Newsroom > DHHS News Release
FOR IMMEDIATE RELEASE
April 13, 2012
Russ Reno, Communications and Legislative Services, (402) 471-8287 or (402) 450-7318
ACCESSNebraska phone wait times hit all-time low
Lincoln – Nebraskans calling ACCESSNebraska to apply for, check and change benefits saw continued improvement in wait times during March, according to Thomas Pristow, director of Children and Family Services in the Department of Health and Human Services.
“While some calls were longer and some shorter, the average phone wait times at the end of February was 5 minutes 51 seconds,” Pristow said. “The average in March improved nearly two minutes to 3 minutes 57 seconds. Since the last customer service center began operating in late January, and staff is gaining more experience, the call wait times have continued to fall and we expect them to get even better."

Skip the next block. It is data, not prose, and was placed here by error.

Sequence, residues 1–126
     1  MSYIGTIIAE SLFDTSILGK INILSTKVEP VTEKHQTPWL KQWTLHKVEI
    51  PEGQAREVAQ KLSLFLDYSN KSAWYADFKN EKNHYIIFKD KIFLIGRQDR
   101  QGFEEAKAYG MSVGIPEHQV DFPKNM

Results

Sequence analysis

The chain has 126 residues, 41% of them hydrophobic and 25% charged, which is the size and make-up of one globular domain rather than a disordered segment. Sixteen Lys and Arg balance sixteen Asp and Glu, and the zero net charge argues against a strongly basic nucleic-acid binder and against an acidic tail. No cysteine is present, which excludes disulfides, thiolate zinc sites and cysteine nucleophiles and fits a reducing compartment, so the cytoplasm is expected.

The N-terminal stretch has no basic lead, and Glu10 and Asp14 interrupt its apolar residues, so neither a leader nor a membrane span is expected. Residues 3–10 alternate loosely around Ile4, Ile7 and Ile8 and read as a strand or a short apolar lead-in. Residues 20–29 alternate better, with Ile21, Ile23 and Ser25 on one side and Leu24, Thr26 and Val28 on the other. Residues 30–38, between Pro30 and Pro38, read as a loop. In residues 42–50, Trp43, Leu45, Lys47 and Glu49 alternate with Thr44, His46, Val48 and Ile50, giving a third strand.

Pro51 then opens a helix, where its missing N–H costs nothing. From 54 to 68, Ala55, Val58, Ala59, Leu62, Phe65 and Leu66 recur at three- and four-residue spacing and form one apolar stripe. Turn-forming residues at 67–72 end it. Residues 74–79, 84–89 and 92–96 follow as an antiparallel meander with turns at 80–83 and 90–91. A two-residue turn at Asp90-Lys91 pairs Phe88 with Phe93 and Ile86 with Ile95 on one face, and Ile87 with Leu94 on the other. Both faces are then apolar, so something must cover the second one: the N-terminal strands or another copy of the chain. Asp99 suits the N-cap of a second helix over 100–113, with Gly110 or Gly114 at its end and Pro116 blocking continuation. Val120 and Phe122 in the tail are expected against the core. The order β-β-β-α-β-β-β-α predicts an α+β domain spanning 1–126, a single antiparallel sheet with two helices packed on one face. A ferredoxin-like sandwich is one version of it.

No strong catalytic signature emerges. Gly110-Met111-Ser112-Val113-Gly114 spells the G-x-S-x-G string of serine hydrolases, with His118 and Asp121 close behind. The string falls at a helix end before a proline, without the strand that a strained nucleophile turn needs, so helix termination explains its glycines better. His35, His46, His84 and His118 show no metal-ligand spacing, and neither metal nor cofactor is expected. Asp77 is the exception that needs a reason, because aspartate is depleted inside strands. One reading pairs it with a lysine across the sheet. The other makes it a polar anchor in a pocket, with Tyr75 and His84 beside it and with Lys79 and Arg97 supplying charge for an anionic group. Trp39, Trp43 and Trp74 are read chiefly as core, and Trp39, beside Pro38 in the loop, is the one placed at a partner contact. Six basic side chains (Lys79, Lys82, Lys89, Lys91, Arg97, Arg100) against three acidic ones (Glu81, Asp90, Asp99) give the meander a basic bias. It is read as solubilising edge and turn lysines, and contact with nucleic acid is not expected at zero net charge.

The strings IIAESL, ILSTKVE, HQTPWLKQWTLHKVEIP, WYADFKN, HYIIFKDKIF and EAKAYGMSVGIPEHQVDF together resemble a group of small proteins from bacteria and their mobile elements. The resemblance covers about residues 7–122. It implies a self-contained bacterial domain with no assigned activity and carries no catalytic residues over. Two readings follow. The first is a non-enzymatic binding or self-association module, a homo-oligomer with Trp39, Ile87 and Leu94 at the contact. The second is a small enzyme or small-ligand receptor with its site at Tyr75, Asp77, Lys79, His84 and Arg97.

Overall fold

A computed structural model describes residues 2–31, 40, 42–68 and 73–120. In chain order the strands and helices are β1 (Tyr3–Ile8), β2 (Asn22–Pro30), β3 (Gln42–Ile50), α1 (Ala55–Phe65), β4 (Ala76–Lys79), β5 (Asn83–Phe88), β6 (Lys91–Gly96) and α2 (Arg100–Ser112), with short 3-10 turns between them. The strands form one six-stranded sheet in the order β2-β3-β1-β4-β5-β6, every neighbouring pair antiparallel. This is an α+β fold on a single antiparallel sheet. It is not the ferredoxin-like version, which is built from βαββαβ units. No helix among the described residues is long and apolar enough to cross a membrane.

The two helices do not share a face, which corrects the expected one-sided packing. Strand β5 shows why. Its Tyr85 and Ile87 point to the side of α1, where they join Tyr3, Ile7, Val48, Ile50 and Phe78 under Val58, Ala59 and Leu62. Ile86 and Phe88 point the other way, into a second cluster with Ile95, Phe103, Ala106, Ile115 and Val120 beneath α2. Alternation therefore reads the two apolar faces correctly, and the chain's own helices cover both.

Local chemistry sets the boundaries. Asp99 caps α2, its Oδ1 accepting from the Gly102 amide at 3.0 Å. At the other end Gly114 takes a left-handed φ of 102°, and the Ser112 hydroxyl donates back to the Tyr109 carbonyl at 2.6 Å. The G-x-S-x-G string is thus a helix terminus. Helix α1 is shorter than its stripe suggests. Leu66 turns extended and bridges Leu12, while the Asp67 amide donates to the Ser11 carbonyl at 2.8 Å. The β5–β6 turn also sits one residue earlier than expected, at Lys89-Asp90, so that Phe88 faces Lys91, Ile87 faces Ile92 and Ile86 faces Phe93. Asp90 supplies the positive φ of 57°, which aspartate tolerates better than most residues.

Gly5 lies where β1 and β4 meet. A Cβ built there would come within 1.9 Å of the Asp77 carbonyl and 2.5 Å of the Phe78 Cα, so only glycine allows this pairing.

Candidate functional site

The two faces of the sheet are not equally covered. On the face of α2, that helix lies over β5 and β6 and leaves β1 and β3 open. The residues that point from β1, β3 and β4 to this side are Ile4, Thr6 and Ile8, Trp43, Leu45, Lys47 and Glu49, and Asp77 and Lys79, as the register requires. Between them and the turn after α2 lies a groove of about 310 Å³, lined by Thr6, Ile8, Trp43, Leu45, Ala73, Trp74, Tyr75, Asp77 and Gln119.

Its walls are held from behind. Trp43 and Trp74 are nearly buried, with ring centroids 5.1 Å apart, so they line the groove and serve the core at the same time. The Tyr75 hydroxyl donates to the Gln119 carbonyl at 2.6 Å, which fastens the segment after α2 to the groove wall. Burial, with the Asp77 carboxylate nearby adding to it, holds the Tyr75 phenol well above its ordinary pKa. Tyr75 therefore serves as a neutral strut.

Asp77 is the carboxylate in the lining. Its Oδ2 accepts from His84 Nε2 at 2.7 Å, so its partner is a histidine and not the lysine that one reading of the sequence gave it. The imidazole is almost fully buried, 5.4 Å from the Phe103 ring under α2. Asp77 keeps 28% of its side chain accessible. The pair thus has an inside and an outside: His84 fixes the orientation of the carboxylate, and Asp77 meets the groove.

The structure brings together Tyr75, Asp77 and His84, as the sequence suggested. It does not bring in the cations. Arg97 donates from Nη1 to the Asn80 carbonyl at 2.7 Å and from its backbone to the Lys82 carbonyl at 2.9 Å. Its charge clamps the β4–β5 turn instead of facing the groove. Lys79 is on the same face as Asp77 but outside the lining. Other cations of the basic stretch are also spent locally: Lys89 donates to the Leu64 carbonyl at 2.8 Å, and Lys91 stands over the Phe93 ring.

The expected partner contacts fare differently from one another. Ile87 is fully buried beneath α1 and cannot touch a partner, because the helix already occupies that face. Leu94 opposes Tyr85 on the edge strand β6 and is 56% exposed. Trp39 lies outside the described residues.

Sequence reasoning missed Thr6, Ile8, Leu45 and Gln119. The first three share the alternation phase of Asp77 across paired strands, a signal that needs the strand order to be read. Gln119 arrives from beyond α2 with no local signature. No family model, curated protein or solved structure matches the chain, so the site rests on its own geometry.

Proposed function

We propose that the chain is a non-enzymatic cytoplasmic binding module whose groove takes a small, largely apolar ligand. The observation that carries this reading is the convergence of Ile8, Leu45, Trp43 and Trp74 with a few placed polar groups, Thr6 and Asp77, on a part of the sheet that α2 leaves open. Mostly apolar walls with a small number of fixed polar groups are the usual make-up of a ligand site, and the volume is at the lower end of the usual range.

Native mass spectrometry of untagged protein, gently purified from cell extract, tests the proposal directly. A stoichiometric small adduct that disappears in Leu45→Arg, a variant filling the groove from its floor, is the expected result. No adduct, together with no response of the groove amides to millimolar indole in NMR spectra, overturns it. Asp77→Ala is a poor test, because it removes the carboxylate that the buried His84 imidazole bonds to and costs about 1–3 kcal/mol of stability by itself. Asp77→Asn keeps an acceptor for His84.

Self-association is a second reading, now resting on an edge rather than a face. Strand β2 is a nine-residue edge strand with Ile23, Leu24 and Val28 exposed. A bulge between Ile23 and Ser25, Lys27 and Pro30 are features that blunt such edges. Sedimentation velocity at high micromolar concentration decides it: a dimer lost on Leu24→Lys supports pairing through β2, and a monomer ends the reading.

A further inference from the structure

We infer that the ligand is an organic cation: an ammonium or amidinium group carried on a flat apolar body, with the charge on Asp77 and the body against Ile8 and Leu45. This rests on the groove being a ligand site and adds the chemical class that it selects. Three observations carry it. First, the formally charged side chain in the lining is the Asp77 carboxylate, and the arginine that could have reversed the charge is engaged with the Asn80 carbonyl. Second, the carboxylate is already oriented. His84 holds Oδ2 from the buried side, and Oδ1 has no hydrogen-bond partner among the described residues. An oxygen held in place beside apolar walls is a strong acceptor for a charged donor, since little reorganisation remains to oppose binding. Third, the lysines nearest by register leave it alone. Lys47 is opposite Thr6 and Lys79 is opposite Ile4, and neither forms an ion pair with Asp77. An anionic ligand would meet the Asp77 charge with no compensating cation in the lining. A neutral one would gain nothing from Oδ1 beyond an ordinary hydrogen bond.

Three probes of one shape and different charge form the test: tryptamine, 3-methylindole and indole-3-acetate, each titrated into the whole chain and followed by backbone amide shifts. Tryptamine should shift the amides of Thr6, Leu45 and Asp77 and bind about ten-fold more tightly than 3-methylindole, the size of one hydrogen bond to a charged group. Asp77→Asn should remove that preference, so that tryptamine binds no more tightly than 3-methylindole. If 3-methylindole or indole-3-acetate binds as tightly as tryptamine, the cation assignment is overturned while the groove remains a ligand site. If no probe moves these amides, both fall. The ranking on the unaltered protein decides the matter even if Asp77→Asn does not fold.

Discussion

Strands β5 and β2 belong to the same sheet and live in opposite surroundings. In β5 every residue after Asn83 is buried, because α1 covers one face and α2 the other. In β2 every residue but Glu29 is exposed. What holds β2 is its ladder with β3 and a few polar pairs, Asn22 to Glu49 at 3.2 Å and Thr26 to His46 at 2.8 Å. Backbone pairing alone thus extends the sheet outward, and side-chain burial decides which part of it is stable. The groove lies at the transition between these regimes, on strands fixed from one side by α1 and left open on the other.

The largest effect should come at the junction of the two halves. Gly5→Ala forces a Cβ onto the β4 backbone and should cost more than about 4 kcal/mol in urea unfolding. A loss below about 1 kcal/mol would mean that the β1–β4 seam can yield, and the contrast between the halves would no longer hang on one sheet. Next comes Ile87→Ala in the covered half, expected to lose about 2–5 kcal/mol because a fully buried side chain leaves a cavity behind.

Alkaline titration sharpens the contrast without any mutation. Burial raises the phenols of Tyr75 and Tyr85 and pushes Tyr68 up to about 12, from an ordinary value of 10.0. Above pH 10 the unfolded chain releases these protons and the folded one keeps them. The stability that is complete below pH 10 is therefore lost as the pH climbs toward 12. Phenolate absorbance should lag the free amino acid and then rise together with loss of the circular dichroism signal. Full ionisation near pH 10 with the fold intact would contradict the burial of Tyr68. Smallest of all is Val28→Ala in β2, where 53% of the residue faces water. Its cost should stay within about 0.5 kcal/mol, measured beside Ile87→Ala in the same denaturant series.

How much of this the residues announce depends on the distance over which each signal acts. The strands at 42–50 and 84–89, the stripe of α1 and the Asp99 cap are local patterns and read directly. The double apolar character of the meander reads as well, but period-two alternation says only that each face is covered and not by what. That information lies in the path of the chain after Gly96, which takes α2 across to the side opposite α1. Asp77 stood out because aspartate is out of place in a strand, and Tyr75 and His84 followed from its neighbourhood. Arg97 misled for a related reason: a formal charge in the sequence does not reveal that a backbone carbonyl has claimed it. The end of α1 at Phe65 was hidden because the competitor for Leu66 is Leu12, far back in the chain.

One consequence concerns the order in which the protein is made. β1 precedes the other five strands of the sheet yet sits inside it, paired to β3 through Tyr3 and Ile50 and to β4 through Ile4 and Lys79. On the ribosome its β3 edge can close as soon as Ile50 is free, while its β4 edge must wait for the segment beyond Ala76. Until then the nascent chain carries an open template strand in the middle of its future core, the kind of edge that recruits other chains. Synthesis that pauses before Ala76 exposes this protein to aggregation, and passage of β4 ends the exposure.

With the passage of LB825, the department is evaluating the number and location of field staff to be hired in the upcoming months to provide additional help with economic assistance services, he said.
In response to the Legislature passing and Governor Dave Heineman signing LB 825, he said a limited number of field staff will be hired in the upcoming months to provide additional help with economic assistance services.
Calls to the ACCESSNebraska phone number (1-800-383-4278) totaled 184,091 in March, and 39 percent were handled through the self-service interactive voice response system, Pristow said. The remaining calls were sent to the Customer Service Centers located in Lincoln, Fremont, Scottsbluff and Lexington.
A total of 14,597, or 61 percent, of the applications for public assistance were received online in March, which was 1,500 more than in February, he said. Face-to-face appointments with social service workers are an option and can be scheduled by calling the toll-free number.
More than 106,400 documents sent by public assistance recipients were scanned in March, representing about 398,600 pages. After scanning, the documents are available online for social service workers to use when talking with recipients, Pristow said.